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Thread: Security measures heightened as thousands head to Richmond for large gun rights rally

  1. #1
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    Security measures heightened as thousands head to Richmond for large gun rights rally

    From Fox News:
    Stacks of chain-link fencing, white-covered tents and rows of metal detectors were in place Sunday night around Richmond's Capitol ahead of Monday's widely-publicized gun rights rally.

    Thousands of people from across the country are expected to attend the demonstration demanding state Democrats drop a push for comprehensive gun control in the commonwealth.
    Also seen Sunday roaming the Capitol grounds was Alex Jones, the conspiracy theorist being InfoWars.

    Members associated with the Light Foot Militia, some of whom were banned from Charlottesville, Va., following the deadly 2017 "Unite the Right" rally, are expected to attend Monday's rally. Richard Spencer, a prominent white nationalist, has also indicated he might make an appearance.

    Security concerns have also led to road closures as well as a ban on firearms in the Capitol and on its grounds.

    "A ban on guns at a gun rally... I've heard it all now," Martin said.

    An event memorializing victims of gun violence, and another honoring the Rev. Martin Luther King Jr., were also canceled due to safety concerns. The Federal Aviation Administration has banned drones within a 2-mile radius of the Capitol and nearby students at VCU and the Medical College of Virginia have been encouraged to stay indoors.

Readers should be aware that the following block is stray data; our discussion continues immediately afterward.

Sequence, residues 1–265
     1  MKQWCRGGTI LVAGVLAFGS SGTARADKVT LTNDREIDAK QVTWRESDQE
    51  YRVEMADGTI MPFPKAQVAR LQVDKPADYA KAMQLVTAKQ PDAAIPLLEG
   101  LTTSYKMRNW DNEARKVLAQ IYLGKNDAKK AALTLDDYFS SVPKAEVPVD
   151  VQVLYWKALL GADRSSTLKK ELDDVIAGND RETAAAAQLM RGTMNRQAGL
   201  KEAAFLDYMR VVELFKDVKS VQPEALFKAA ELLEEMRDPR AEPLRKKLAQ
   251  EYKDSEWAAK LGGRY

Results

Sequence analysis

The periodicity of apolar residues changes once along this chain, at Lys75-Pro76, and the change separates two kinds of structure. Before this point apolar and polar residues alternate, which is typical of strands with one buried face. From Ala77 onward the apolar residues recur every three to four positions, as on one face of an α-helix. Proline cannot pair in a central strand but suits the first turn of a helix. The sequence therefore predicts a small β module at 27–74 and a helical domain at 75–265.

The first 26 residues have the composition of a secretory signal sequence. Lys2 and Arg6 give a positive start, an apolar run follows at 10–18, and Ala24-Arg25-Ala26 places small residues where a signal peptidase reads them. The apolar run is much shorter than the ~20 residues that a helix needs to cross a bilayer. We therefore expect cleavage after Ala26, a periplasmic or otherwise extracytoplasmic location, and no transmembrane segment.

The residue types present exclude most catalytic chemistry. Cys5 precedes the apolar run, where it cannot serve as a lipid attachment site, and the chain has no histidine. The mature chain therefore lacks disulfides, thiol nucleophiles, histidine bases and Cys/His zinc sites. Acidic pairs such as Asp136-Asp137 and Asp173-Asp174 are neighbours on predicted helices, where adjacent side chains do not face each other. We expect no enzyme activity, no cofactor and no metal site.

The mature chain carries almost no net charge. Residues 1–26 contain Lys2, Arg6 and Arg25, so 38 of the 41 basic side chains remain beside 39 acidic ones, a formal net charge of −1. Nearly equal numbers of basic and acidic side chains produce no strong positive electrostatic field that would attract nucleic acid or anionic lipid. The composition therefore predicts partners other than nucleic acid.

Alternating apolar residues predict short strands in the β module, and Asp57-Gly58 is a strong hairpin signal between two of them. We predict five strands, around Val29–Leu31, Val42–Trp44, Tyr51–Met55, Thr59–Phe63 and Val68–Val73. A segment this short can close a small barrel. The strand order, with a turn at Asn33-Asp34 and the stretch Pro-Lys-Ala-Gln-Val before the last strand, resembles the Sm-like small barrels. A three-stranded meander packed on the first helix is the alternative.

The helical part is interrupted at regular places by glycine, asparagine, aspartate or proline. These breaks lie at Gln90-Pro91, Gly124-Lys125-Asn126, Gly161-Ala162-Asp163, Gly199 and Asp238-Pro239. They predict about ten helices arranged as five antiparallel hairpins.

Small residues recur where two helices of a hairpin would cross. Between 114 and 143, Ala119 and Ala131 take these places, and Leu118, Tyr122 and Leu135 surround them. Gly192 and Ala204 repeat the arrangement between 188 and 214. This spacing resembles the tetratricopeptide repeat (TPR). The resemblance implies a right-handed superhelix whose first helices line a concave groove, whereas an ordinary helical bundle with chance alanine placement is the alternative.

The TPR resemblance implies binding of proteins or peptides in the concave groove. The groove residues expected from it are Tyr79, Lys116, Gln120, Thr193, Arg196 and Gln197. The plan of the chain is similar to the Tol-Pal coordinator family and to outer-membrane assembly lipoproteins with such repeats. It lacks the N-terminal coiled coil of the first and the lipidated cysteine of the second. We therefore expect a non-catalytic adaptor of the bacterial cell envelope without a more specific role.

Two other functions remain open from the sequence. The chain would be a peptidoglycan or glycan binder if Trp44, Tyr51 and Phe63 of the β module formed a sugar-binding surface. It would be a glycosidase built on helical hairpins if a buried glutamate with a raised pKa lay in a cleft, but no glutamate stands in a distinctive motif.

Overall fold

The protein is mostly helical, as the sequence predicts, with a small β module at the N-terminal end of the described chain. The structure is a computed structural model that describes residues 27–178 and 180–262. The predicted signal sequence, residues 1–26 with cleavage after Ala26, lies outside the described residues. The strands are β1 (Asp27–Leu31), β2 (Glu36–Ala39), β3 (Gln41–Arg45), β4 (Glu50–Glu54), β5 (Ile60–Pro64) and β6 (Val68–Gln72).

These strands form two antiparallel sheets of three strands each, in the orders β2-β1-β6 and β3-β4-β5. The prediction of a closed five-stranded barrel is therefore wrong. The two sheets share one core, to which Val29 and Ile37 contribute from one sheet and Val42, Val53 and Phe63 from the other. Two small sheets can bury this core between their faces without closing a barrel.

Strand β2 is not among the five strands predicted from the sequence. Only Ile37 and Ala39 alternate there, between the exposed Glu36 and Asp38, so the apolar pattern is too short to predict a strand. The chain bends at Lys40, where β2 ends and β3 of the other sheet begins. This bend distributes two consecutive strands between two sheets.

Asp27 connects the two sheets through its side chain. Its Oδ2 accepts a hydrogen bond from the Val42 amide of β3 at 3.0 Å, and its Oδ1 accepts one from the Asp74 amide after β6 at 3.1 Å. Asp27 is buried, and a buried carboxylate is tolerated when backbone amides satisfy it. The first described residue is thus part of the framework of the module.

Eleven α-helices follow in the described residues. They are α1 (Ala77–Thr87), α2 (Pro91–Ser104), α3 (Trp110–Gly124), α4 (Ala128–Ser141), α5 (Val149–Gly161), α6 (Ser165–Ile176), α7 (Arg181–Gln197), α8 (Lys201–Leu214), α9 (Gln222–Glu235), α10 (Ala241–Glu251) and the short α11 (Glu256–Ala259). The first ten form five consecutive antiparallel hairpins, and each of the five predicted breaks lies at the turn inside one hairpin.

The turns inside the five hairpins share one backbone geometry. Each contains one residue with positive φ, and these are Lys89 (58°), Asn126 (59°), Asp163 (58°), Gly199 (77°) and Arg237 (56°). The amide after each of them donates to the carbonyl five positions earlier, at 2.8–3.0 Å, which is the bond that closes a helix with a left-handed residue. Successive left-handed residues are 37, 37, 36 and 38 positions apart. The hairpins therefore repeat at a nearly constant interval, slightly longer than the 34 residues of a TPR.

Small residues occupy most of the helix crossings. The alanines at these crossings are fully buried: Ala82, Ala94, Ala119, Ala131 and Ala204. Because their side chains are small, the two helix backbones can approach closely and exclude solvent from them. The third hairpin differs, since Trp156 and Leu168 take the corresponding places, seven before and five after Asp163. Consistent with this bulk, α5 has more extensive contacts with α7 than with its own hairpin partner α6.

Virginia Citizens Defense League President Philip Van Cleave told Fox News it's not the pro-gun groups that are stoking fear.

    "It's the Democrats," he said. "It's almost like they want something to happen. It sounds crazy but they keep doing it and you have to start wondering if that's intentional."

    Cleave said membership in his organization has tripled in the past six weeks and that 10,000 people have signed up for free email alerts. He attributes the spike in popularity to Gov. Ralph Northam and Democrats in the state legislature. Van Cleave believes they have "declared war on gun owners" and is counting on gun-rights advocates to show up Monday to have their collective voices heard.

    "It's woken up gun owners across the state," he said.
    Last week, three gun-control bills advanced in the General Assembly, setting the stage for a contentious showdown between gun-rights advocates and the Democratic lawmakers who campaigned on bringing changes to the state following last year's mass shooting at a Virginia Beach municipal complex.